What best describes a turgid plant cell?

What best describes a turgid plant cell?

A turgid plant cell is a plant cell that has been filled with water as a result of osmosis. The opposite state of Turgidity is plasmolysis. Turgidity is necessary for plant cells to make them keep standing upright. Plant cells that lose much water have less turgor pressure and tend to become flaccid.

What is the difference between a turgid cell and a flaccid cell?

The main difference between a turgid cell and flaccid cell is that a turgid cell contains more water and a flaccid cell lacks water. In plants when the stomatal cells become turgid the guard cell opens and when they become flaccid the guard cell closes.

How does a turgid cell feel?

In turgidity, a plant cell appears swollen or distended from the turgor pressure put on the cell wall whereas in flaccidity the plant cell loses it and appears limp or flaccid.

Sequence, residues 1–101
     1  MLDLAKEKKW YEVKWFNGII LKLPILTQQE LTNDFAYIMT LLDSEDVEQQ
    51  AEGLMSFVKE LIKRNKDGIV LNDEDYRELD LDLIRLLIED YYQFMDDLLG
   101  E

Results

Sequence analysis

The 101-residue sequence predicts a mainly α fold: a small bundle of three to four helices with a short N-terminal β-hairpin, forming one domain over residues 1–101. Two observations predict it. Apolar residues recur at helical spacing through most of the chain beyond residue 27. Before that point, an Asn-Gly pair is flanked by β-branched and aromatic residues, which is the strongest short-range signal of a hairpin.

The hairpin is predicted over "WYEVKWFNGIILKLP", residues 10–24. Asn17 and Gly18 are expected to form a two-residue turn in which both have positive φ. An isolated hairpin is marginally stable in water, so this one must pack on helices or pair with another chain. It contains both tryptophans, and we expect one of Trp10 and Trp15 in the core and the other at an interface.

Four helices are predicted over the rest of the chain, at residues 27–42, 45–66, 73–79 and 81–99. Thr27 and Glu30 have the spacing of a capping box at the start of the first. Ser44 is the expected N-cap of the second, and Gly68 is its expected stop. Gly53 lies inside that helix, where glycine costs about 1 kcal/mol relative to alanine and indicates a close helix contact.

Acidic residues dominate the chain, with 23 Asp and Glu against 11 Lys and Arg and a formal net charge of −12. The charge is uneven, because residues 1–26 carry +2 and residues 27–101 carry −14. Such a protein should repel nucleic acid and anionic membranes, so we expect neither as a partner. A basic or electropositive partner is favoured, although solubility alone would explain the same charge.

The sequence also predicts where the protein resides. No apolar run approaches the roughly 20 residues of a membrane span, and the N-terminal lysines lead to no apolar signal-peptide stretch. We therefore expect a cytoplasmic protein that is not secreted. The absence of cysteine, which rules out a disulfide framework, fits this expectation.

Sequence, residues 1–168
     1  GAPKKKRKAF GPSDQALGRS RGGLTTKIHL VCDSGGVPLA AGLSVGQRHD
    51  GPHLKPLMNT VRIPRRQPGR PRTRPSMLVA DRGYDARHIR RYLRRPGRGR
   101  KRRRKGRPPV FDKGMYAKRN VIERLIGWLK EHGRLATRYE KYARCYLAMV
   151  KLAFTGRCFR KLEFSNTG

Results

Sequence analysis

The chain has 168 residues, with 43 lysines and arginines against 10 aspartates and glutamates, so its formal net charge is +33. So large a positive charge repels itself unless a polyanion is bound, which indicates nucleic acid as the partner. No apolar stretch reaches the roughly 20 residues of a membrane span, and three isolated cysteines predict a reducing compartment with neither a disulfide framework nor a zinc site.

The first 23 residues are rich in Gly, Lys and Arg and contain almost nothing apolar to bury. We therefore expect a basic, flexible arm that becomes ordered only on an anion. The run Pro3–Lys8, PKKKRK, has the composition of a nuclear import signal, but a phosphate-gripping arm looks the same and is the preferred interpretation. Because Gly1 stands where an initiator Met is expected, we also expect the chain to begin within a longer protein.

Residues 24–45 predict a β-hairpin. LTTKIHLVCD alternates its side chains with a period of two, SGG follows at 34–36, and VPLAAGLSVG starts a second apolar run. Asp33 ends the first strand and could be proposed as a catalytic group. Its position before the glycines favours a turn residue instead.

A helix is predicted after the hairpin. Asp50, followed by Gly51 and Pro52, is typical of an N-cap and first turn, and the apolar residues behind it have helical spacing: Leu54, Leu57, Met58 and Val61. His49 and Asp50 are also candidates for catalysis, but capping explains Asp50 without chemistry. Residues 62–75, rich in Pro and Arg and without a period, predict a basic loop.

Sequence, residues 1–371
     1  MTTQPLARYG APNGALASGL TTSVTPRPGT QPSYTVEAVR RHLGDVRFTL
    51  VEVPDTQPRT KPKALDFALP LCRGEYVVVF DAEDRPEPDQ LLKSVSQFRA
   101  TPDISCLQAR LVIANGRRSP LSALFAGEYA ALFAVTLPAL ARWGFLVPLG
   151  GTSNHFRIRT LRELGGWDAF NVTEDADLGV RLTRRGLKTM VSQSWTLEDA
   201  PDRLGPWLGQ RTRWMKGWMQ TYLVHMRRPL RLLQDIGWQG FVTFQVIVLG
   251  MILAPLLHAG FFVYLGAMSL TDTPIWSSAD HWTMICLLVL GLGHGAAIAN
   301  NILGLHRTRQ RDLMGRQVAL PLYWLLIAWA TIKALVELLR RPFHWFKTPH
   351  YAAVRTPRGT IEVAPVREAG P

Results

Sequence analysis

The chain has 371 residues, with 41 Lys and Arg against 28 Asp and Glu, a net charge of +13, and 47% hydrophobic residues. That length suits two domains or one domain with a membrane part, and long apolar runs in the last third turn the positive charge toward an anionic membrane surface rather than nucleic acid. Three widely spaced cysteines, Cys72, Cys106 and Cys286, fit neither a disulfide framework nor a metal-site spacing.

Which cells normal state is described as being turgid?

Plant cells, in contrast to animal cells, are almost always turgid due to the action of a large vacuole in each of their cells. This swells the vacuole, creating a pressure on the walls of the cell. This pressure is called turgor pressure. A cell with high turgor pressure is said to be turgid.

Is turgid hypotonic or hypertonic?

Cells with a cell wall will swell when placed in a hypotonic solution, but once the cell is turgid (firm), the tough cell wall prevents any more water from entering the cell. When placed in a hypertonic solution, a cell without a cell wall will lose water to the environment, shrivel, and probably die.

Can an animal cell be turgid?

As a common laboratory experiment, animal cells will become turgid if they are placed in an environment that is hypotonic in comparison to the contents of the cell. This means that the concentration of solutes in the environment is less than the concentration of solutes in the cell.

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